Linux Comes to Unisys Servers (via SCO)
SCO is to release versions of its Linux operating system for Unisys Corp’s ES7000 servers and ClearPath mainframes, confirming ComputerWire’s reports of late 2002 that Linux would soon be available for the machines.
The development is significant due to Unisys’s tight relationship with Microsoft Corp, and also because it means that Unisys has some of the most versatile server hardware around, an important consideration for server consolidation projects.
Lindon, Utah-based SCO said it will offer SCO Linux 4.0 for Unisys’ ES7000 servers and ClearPath Plus mainframes and will additionally provide sales and support for the operating system, including engineering development support and 24x7 customer level support.
Suggestions that Linux would soon be available for Unisys hardware were confirmed by the company’s VP server programs, Mark Feverton, in December 2002, as he denied reports that Unisys was working on the development itself. Feverton confirmed that there was interest in running Linux on the servers, but added that the company had no plans to pre-install Linux on its machines.
Talking to ComputerWire following SCO’s announcement, Feverton said that Unisys will not pre-install SCO Linux on the servers, and confirmed that SCO will be brought in to install the software for customers if required. Feverton added that Unisys would remain the first port of call for customers seeking support, but that SCO would provide software support behind the scenes.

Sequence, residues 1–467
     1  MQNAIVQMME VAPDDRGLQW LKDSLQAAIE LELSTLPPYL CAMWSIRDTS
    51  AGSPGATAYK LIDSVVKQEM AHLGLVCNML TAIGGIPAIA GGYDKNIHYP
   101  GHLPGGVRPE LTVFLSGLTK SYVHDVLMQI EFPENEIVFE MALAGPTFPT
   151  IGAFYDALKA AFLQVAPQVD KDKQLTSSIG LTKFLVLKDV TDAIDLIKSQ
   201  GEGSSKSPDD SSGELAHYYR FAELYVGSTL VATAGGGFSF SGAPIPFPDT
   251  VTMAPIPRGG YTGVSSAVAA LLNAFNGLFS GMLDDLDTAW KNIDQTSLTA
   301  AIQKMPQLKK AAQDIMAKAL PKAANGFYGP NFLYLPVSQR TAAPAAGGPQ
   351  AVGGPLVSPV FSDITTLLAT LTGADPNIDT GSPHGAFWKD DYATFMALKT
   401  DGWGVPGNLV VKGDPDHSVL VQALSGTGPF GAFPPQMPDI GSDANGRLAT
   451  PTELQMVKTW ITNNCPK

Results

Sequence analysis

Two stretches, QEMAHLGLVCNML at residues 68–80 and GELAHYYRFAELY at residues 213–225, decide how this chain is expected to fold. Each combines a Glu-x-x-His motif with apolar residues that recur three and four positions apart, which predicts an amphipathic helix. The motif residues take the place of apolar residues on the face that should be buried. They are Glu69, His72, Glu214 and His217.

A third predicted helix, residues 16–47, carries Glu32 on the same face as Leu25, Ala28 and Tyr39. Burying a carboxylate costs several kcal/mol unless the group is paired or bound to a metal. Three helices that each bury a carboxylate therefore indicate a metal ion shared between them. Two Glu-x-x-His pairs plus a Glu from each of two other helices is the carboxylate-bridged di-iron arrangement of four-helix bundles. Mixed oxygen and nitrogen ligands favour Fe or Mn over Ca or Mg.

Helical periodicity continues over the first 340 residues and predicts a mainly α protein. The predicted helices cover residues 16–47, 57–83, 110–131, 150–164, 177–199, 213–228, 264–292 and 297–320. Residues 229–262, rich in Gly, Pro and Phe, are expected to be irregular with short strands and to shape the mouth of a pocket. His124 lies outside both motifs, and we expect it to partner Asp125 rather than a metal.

It comes as little surprise that SCO has taken the step to put Linux on the ES7000 and ClearPath hardware. The company has traditionally had a strong relationship with Unisys, and its UnixWare variant of Unix already runs on the ES7000, although Windows Datacenter Server is Unisys’ operating system of choice.
The ClearPath Plus mainframes, meanwhile, can run Unisys’ OS2200 or MCP operating systems as well as Windows, UnixWare - and now SCO Linux - in partitions. The fact that the ClearPath can now run this range of operating systems makes it one of the most versatile machines around, and an attractive option for companies looking to consolidate heterogeneous servers on to a single machine.
Sponsored: 2016 Cyberthreat defense report